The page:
What’s so bad about a little feedback?

The worst-case, runaway greenhouse effect scenario involves a concept known as “positive feedback,” wherein changes in climate cause environmental changes that then, in turn, cause more and more rapid climate change, so the whole thing basically becomes a runaway train and there’s little to nothing that humanity can do about it. Loss of plants, via deforestation or desertification, is a big positive feedback, because it means fewer plants absorbing less carbon dioxide, which means more and faster warming, which means further loss of forests and green areas, lather, rinse, repeat. Another might be an increase ocean temperatures, which reduces the amount of CO2 that can be absorbed by ocean waters, which means more and faster warming, which means further increases in ocean temperatures, and so on.

Two of the most worrisome potential sources of positive feedback are in the Arctic. One is the potential for melting permafrost to release significant quantities of methane, which is buried underground by the decomposition of plant matter and then effectively capped off by the frozen ground above it. As that ground melts, the methane could be released. The other concern is that large fields of methane ice, frozen mostly at the bottom of the heretofore very cold Arctic Ocean, could melt as water temperatures rise, which would send methane bubbling to the surface, and from there on into the atmosphere. As far as I can tell, and I’m not a climate scientist, once this kind of thing starts happening, nobody really has a good sense of what comes next. A whole bunch of methane could be released really quickly, in which case we could see relatively sudden climate impacts, or it could trickle out more slowly, in which case the climate impacts will also be felt more slowly but it will be that much harder to try to get carbon emissions back to a sustainable level. Either way, this means more atmospheric carbon, which is bad news.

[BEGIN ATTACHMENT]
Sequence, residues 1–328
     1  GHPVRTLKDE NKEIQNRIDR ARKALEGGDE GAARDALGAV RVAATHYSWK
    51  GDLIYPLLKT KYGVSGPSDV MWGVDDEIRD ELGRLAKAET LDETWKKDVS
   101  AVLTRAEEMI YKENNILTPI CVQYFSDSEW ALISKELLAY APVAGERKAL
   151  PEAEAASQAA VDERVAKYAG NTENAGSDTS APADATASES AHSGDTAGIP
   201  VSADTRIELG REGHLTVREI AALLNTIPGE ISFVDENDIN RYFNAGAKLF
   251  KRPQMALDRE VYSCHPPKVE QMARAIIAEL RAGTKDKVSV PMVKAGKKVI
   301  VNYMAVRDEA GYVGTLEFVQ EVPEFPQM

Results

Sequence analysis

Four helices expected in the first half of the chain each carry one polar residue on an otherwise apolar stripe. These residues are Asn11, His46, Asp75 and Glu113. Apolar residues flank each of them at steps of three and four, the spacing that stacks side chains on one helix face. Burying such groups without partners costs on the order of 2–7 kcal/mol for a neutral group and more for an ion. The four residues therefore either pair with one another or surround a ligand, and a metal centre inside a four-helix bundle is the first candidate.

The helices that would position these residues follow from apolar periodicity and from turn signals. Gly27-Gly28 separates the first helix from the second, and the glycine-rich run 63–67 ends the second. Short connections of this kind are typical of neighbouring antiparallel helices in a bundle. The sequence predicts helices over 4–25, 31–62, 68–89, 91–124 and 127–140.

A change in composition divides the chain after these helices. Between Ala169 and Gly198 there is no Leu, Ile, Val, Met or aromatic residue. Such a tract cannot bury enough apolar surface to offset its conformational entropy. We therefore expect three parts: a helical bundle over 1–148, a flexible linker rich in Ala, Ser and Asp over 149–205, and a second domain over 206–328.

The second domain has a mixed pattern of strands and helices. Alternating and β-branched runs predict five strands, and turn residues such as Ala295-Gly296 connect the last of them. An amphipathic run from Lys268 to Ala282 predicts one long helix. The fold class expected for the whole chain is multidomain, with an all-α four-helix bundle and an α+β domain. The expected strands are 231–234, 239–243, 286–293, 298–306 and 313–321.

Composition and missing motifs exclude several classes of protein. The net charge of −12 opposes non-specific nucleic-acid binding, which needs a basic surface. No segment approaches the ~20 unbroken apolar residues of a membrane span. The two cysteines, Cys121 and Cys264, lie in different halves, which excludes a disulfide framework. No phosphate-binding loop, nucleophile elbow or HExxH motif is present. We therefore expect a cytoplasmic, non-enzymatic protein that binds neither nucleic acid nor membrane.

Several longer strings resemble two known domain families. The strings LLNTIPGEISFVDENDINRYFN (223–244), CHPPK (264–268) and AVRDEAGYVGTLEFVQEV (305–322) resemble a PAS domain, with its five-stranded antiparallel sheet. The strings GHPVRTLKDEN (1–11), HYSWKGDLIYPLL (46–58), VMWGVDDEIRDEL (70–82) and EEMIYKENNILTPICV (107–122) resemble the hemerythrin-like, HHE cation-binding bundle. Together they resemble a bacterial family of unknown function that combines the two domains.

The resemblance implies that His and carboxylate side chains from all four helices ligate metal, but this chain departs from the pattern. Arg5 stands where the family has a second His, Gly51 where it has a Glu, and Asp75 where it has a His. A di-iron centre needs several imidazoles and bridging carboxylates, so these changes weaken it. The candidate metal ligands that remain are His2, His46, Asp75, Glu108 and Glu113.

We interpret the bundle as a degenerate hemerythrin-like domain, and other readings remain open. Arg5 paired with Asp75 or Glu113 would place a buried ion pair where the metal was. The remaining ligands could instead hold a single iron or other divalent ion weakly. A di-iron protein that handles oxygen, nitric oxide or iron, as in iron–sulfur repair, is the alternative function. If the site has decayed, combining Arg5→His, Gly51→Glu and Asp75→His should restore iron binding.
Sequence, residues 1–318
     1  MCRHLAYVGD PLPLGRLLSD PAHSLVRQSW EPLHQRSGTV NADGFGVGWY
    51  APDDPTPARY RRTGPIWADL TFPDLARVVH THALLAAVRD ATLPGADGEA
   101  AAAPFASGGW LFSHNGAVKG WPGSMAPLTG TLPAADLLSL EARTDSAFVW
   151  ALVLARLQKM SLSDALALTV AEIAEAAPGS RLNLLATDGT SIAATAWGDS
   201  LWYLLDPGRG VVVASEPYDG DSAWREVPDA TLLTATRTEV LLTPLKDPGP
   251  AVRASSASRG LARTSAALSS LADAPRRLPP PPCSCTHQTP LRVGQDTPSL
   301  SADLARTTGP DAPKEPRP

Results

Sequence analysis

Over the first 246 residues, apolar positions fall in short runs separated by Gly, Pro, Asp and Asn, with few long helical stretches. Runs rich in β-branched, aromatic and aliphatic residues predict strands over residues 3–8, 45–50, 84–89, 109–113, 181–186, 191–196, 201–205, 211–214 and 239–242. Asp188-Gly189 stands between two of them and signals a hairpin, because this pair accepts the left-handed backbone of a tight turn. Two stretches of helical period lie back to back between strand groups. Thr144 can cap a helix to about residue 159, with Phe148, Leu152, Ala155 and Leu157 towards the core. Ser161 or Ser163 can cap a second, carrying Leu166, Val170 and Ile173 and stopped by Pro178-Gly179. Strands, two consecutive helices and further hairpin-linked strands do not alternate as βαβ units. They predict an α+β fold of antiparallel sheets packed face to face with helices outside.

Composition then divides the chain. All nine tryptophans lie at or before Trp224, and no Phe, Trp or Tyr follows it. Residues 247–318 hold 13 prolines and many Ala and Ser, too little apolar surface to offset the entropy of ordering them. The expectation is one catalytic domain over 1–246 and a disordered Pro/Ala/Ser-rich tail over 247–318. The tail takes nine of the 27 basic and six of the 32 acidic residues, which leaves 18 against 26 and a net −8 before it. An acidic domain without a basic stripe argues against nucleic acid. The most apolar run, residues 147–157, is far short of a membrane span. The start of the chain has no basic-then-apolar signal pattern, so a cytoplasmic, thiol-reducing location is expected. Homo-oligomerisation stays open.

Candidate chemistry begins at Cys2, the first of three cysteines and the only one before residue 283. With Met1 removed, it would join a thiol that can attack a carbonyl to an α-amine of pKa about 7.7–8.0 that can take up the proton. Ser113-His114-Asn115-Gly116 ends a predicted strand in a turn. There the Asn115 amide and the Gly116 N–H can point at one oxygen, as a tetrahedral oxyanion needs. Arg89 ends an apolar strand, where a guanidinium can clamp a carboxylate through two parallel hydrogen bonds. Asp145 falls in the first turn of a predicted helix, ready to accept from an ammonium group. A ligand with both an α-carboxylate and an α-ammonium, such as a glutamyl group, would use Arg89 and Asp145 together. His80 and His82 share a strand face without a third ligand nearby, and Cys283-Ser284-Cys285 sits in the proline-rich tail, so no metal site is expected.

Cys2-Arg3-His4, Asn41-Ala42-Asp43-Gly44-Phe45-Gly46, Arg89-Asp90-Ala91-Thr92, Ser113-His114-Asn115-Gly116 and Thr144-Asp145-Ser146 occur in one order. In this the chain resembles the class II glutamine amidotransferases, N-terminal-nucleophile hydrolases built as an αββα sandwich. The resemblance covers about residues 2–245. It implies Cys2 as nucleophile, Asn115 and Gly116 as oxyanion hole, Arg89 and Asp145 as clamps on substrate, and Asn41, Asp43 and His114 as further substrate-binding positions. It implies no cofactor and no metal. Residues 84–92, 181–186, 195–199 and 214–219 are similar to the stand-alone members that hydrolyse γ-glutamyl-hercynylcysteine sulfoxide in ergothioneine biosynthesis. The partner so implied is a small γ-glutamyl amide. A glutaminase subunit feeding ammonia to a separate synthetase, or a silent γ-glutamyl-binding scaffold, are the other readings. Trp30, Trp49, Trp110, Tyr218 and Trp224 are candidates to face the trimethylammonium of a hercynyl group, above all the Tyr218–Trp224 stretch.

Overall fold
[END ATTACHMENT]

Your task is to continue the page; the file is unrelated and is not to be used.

So, um, here’s the thing (via):

By now, you’ve heard of the crater on the Yamal Peninsula. It’s the one that suddenly appeared, yawning nearly 200 feet in diameter, and made several rounds in the global viral media machine. The adjectives most often used to describe it: giant, mysterious, curious. Scientists were subsequently “baffled.” Locals were “mystified.” There were whispers that aliens were responsible. Nearby residents peddled theories of “bright flashes” and “celestial bodies.”

There’s now a substantiated theory about what created the crater. And the news isn’t so good.

It may be methane gas, released by the thawing of frozen ground. According to a recent Nature article, “air near the bottom of the crater contained unusually high concentrations of methane — up to 9.6% — in tests conducted at the site on 16 July, says Andrei Plekhanov, an archaeologist at the Scientific Centre of Arctic Studies in Salekhard, Russia. Plekhanov, who led an expedition to the crater, says that air normally contains just 0.000179% methane.”

The scientist said the methane release may be related to Yamal’s unusually hot summers in 2012 and 2013, which were warmer by an average of 5 degrees Celsius. “As temperatures rose, the researchers suggest, permafrost thawed and collapsed, releasing methane that had been trapped in the icy ground,” the report stated.

crater possibly created by escaping methane (Salon)

and here’s the other thing (via):

Vast methane plumes have been discovered boiling up from the seafloor of the Arctic ocean on the continental slope of the Laptev Sea by a dream team of international scientists. Over the last decade a warming tongue of Atlantic ocean water has been flowing along the Siberian Arctic ocean’s continental slope destabilizing methane ice, hypothesize the team of Swedish, Russian and American scientists. The research team will take a series of measurements across the Siberian seas to attempt to understand and quantify the methane release and predict the effect of this powerful greenhouse gas on global and Arctic warming.

Methane bubbling to the surface in a lake in Alaska (NY Times)

Luckily the American political machine, always reliable for its quick action and keen foresight, is taking action…by suing the EPA for trying to regulate coal emissions, and (potentially) by putting Delaware’s taxpayers on the hook for saving an oil refinery from sea level rise. This is all brought to you by our good friends in the fossil fuel industry, who are happy to cause global warming, but please don’t expect them to bear any of its costs.

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